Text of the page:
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     lofs - loopback virtual file system

     #include <sys/param.h>
     #include <sys/mount.h>

     int mount (const char* dir, const char* virtual, int mflag, lofs, NULL, 0);

     The loopback file system device  allows  new,  virtual  file
     systems  to  be  created,  which  provide access to existing
     files using alternate pathnames. Once the virtual file  sys-
     tem is created, other file systems can be mounted within it,
     without affecting the original file  system.  However,  file
     systems  which  are  subsequently  mounted onto the original
     file system are visible to the virtual file  system,  unless
     or  until  the corresponding mount point in the virtual file
     system is covered by a file system mounted there.

     virtual is the mount point for the virtual file system.  dir
     is the pathname of the existing file system. mflag specifies
     the mount options; the  MS_DATA bit in  mflag must  be  set.
     If  the  MS_RDONLY bit in  mflag is not set, accesses to the
     loop back file system are the same  as  for  the  underlying
     file  system.  Otherwise,  all accesses in the loopback file
     system will be read-only. All  other  mount(2)  options  are
     inherited from the underlying file systems.

     A loopback mount of `/' onto /tmp/newroot allows the  entire
     file  system  hierarchy  to  appear as if it were duplicated
     under /tmp/newroot, including any file systems mounted  from
     remote  NFS  servers.  All  files  would  then be accessible
     either from a pathname relative to `/' or  from  a  pathname
     relative to /tmp/newroot until such time as a file system is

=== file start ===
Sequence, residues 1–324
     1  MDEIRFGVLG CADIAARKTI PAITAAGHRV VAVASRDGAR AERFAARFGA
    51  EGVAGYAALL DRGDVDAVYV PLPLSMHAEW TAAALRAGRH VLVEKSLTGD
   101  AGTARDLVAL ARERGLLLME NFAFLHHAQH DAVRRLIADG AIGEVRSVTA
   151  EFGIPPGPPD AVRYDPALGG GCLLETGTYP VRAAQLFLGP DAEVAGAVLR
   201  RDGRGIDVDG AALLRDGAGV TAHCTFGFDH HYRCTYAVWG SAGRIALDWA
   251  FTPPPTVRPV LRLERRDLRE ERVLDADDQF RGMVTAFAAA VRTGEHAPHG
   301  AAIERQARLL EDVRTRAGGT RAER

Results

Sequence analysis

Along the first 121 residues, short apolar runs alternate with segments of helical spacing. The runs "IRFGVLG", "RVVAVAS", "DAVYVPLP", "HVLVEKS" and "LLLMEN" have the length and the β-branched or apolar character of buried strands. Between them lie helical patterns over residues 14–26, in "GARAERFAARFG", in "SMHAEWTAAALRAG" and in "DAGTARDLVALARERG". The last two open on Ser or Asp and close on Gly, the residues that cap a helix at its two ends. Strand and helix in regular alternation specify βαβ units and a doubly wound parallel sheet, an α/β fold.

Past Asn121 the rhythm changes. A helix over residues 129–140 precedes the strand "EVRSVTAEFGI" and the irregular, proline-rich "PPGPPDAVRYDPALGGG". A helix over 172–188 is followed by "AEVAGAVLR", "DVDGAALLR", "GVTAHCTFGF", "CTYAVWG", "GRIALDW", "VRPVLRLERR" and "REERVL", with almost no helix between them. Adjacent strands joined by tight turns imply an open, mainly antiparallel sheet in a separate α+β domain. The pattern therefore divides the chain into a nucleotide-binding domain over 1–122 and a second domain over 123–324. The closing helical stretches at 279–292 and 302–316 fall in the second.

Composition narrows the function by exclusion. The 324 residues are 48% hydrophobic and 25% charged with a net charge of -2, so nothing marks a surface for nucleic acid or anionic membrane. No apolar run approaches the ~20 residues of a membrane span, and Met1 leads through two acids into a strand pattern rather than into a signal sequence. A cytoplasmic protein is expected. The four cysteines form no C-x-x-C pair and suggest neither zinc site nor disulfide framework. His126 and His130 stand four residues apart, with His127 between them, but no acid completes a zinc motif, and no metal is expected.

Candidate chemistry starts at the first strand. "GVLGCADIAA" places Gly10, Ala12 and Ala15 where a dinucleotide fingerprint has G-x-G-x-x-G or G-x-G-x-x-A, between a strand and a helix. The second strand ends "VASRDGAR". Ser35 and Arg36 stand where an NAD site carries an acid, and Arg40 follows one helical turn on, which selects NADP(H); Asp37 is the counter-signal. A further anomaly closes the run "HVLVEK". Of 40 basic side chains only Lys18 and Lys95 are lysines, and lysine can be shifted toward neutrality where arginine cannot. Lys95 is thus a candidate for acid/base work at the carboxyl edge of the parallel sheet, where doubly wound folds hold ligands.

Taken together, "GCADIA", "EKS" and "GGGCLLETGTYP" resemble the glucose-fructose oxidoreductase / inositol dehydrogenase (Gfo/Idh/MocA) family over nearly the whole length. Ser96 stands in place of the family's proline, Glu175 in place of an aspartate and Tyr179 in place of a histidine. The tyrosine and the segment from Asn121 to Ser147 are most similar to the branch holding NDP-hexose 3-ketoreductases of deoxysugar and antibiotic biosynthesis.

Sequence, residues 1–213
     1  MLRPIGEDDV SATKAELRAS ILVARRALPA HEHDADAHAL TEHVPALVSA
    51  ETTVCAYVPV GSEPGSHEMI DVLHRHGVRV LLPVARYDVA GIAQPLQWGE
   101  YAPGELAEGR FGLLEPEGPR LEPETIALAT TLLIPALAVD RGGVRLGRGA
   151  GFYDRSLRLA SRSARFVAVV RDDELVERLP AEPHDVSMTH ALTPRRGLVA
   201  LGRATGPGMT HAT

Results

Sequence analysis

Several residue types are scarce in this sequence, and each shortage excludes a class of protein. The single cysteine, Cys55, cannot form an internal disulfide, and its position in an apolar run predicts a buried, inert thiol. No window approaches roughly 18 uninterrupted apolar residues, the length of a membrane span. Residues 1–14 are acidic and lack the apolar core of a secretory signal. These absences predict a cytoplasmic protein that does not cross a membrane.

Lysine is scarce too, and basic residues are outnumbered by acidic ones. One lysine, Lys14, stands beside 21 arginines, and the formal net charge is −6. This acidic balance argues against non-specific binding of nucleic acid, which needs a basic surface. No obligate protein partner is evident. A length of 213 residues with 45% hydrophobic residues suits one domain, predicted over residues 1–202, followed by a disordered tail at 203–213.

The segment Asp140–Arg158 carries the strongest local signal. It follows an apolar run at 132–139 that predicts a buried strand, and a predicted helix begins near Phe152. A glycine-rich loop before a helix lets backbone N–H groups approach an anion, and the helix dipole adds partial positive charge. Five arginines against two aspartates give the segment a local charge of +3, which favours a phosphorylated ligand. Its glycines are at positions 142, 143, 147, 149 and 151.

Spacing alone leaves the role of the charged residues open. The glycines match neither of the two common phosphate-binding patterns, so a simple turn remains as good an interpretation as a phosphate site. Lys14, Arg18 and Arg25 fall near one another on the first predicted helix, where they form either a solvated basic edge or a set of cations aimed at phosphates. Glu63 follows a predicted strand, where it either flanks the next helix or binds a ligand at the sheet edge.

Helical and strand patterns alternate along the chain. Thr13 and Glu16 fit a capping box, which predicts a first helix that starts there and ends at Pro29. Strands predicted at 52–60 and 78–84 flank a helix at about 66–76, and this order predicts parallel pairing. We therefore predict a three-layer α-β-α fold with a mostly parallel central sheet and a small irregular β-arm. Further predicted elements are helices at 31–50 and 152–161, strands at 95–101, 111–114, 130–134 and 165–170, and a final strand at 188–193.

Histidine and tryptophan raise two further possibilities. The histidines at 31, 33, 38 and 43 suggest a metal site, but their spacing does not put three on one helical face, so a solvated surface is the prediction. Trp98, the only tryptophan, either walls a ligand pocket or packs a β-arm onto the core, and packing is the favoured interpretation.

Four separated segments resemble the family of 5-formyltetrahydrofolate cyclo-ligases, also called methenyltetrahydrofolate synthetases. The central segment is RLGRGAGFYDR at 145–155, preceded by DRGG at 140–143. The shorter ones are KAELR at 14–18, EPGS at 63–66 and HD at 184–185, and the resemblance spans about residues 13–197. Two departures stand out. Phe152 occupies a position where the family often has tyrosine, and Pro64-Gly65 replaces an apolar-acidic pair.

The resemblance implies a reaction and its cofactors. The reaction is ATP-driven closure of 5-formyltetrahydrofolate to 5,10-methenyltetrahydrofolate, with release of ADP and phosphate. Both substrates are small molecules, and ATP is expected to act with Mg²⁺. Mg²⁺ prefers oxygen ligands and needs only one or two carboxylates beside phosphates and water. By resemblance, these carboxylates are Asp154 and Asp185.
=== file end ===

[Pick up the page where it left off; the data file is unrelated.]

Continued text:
mounted in /tmp/newroot, or any of its subdirectories.

     Loopback mounts of `/' can be performed in conjunction  with
     the  chroot(2)  system  call,  to provide a complete virtual
     file system to a process or family of processes.

     Recursive traversal of loopback mount points is not allowed.
     After   the   loopback   mount  of  /tmp/newroot,  the  file
     /tmp/newroot/tmp/newroot does not contain yet  another  file
     system  hierarchy;  rather,  it appears just as /tmp/newroot
     did before the loopback mount was performed (for example, as
     an empty directory).

     lofs file systems are mounted using:

       mount -F lofs /tmp /mnt

See Also
     lofiadm(1M),  mount(1M),  chroot(2),   mount(2),   sysfs(2),
     vfstab(4), lofi(7D)

     All access to entries in lofs mounted file  systems  map  to
     their  underlying  file  system.  If  a  mount point is made
     available in multiple locations via lofs and is busy in  any
     of  those  locations,  an  attempt to mount a file system at
     that mount point fails unless the overlay flag is specified.
     See mount(1M). Examples of a mount point being busy within a
     lofs mount include having a file system mounted on it or  it
     being a processes' current working directory.

     Because of the potential for confusing  users  and  applica-
     tions,  you should use loopback mounts with care. A loopback
     mount entry in /etc/vfstab must be placed  after  the  mount
     points  of  both  directories  it  depends on.  This is most
     easily accomplished by  making the loopback mount entry  the
     last in  /etc/vfstab.
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